In the measure that my heart is in past treasures I am fossilized and dead, for life is only in the present.

So to each of these past treasures, those golden yesterdays, I say goodbye.

To each I speak, explaining that, grateful though I am that it came into my life, it must move out — or my heart will never learn to live in the present.

My heart is in the future too. Its anxious fears of what will be tomorrow leave little energy to fully live what is today. I list these fears and say to each, ‘Let the will of God be done,’ observing what effect this has on me, knowing in my heart that God can only will my good.

My heart is in my dreams, ideals, hopes, which make me live in future fiction. To each of these I say, ‘Let the will of God be done, let Him dispose of you as He sees fit.’

Having reclaimed the portion of my heart that was captured by the future and the past, I now survey my present treasures.

To each beloved person I say with tenderness, ‘You are so precious to me, but you are not my life. I have a life to live, a destiny to meet, that is separate from you.’

I say to places…things…I am attached to, ‘Precious you are, but you are not my life. My life and destiny are separate from you.’

I say this to the things that seem to constitute my very being:

My health, my ideologies, my good name, reputation, and I say it even to my life, which must succumb some day to death,

‘You are desirable and precious, but you are not my life. My life and my destiny are separate from you.’

And at last I stand alone before the Lord.

To Him I give my heart.

I say, ‘You, Lord, are my life. You are my destiny.'”

–Anthony DeMello, Wellsprings


Faith and Worry

This kid has a theological pet peeve.

Actually, I have more like a million.  But tonight I will bring one of them to your attention.  Typically, I can’t handle cute Christianese phrases.  I shudder every time I pass a church sign that says “Seven days without prayer makes one weak.”  It’s like fingernails on a chalk board.  Homonyms are tacky.  Rhymes are possibly even worse.  And there is little to no theological depth behind any of these little maxims.

As such, one of my least favorite phrases is “Too blessed to be stressed.”  Even worse is its evil cousin, “Too anointed to be disappointed.”  Three-syllable rhymes are even more unacceptable than one-syllable rhymes, and the theology here is crushingly bad.  There’s no other word for it.  Just bad.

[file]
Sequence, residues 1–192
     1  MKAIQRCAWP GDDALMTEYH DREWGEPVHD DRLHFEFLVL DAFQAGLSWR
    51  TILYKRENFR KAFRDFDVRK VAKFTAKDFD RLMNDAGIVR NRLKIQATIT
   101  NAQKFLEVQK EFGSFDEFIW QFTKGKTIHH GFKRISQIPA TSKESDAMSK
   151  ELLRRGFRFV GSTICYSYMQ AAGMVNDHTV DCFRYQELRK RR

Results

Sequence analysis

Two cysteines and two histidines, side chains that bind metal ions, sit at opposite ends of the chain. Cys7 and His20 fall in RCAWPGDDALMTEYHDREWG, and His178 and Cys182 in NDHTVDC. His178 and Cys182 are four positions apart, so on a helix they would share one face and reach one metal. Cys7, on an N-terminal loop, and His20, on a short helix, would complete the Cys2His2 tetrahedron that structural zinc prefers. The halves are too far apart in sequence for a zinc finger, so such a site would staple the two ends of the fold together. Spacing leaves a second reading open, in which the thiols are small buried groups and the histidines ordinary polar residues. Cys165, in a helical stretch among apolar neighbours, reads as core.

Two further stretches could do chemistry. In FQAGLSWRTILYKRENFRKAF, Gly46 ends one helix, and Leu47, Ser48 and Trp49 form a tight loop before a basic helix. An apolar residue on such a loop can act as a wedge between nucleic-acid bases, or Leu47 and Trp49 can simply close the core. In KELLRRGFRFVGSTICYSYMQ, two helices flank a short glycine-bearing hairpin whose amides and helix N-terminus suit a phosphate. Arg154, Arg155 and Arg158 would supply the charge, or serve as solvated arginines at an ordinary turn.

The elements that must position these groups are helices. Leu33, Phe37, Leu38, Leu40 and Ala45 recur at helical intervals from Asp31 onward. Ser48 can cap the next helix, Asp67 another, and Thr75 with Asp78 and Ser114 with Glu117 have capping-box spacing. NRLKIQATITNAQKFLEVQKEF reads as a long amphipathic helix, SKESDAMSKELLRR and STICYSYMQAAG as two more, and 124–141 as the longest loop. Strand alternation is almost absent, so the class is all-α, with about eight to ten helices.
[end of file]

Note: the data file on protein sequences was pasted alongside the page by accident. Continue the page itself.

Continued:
For one thing, it’s horrendously smug.  When you paste on a self-satisfied smile and tell a struggling person, “I’m too blessed to be stressed!”, it sends the following message: I am a super-Christian. You are ungrateful and have no faith.

Disappointment in this life is a very real obstacle, regardless of how “anointed” you may be.  But when you say that you’re above stress and worry because you have superior faith in Jesus, it makes a very normal person feel very alone in their struggles.  Now in addition to the cloud of worry hanging over their head, which is probably very legitimate and justifiable, they have a sinking feeling in the pit of their stomach and the nagging thought, “I’m not a real Christian.”

When we don’t allow people to feel their feelings, we lose a vital sense of transparency — and thus, community.  Honest communication shuts down, and we get the fake little plastic smiles as we pull ourselves up by our bootstraps to make ourselves super-Christians — happy little robots who are too anointed to be disappointed.  And somewhere in the midst of all this pretending, we lose the entire point of the gospel.

You see, Jesus didn’t come so that we would never experience these negative emotions, but so that we would have hope in the midst of them.

I have heard people before use Jesus’ words in Matthew 6:25-34 as a strict command, as if a dark and angry Jesus is towering over us gravely shaking his finger in our faces and saying ominously, “Stop worrying! That’s what the pagans do.”  I have heard people reason, “Worry signifies a lack of faith…worry is a sin!”

It was a cool concept.  It made sense to me.  I eagerly jumped on the bandwagon and quickly agreed, “Yeah! Worry is a sin!”  Whenever I worried, I would slap myself around a little bit and anxiously repent, “God! I’m sorry! I’ll do better!”  And I would shove the worry into a closet and slam the door and paste on a fake smile, hoping that all that worry wouldn’t build up and come bursting out in a panic attack.  What kind of witness would that be?  What would that say about my faith?  I would be an ungrateful, un-anointed un-Christian, that’s what.

But then one day I saw Jesus’ words in a new light.  I saw a gentle, loving Jesus stooping down and tenderly cupping my face in his hand, saying in a soft voice, “Don’t worry, beloved.  I have it taken care of.”